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Iowa Democrats propose $300 million increase in funding for public schools

The proposal comes in response to a series of bills by Republicans designed to combat the state's teacher shortage.

DES MOINES, Iowa — Iowa House and Senate Democrats proposed a $300 million increase in funding for public education Tuesday.

Party leaders said the money would allow schools to reduce class sizes, raise teacher pay, buy new books, support mental health and fix the teacher shortage

This week, Republicans announced several proposals aimed at addressing the shortage, like reducing some education requirements for teachers and allowing student-teachers to serve as substitutes.

Some Democrats spoke out in support of those bills, but leaders said while they don't know the ins and outs yet—at face value they're not the answer.

"If Governor Reynolds has $300 million to put towards a corporate, another corporate tax cut, then there is room in our budget to invest $300 million in Iowa's kids," said House Minority Leader Jennifer Konfrst (D-Windsor Heights).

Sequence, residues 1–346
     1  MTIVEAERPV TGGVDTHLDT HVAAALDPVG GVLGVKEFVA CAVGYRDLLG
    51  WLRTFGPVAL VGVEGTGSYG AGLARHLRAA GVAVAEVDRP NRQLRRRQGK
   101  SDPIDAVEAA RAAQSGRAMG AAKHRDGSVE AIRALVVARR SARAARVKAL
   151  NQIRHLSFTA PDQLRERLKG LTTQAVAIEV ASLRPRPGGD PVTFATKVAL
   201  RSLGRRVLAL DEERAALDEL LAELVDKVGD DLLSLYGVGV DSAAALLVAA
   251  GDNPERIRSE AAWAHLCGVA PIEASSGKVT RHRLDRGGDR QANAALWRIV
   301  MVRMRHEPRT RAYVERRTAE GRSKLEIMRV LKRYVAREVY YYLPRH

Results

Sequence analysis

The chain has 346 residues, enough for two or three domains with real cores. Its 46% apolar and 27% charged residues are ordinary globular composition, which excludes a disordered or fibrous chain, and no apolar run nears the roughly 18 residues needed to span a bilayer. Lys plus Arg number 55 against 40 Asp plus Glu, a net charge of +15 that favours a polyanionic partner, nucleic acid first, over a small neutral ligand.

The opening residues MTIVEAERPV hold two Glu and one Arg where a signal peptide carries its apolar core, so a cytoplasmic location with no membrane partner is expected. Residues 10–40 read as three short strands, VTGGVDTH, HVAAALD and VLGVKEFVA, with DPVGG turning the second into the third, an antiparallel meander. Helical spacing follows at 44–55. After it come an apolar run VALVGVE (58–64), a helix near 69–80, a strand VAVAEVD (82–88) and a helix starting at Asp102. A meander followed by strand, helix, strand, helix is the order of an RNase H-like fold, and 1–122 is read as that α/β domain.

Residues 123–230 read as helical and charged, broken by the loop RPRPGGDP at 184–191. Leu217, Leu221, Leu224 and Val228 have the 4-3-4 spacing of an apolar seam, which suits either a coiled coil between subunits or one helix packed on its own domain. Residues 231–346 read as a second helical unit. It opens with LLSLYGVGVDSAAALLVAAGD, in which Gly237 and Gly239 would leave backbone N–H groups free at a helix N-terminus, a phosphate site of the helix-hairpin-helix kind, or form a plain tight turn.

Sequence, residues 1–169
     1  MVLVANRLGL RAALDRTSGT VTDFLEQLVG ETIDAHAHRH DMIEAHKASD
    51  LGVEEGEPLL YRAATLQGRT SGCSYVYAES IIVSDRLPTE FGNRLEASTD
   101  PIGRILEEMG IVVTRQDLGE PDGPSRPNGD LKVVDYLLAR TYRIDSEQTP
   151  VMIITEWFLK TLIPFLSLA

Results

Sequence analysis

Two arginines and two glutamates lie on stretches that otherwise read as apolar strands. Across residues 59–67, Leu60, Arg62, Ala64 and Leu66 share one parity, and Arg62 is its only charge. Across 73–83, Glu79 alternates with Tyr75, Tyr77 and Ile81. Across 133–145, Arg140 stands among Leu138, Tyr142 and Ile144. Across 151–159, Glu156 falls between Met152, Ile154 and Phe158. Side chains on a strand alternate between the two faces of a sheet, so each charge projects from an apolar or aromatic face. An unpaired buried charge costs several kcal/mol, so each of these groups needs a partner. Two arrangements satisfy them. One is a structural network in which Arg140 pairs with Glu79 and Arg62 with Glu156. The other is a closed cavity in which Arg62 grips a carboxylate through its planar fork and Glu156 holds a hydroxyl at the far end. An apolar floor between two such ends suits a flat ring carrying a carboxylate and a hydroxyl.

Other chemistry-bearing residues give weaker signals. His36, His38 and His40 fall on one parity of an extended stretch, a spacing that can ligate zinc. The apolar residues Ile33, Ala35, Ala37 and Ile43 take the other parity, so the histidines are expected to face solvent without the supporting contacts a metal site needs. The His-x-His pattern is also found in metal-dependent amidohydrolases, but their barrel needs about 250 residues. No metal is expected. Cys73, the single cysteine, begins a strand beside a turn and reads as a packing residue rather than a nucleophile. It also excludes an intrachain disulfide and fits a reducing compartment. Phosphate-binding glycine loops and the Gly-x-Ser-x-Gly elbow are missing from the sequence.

Senate Minority Leader Zach Wahls (D-Coralville) emphasized the need for highly-qualified and well-paid teachers.

"We believe that Iowa's great public schools are our most important recruitment and retention tool to bring families to our state and keep them here," Wahls said.

The proposal would increase state supplemental aid by 5%.

Republicans in the House and Senate have not yet announced proposals for supplemental aid.

Gov. Kim Reynolds is proposing a 2.5% increase, which is about 150 million dollars.

RELATED: Iowa lawmakers consider series of bills to tackle teacher shortage

RELATED: Iowa Senate Republicans call for 3.6% flat income tax, eventually phasing out personal income tax altogether

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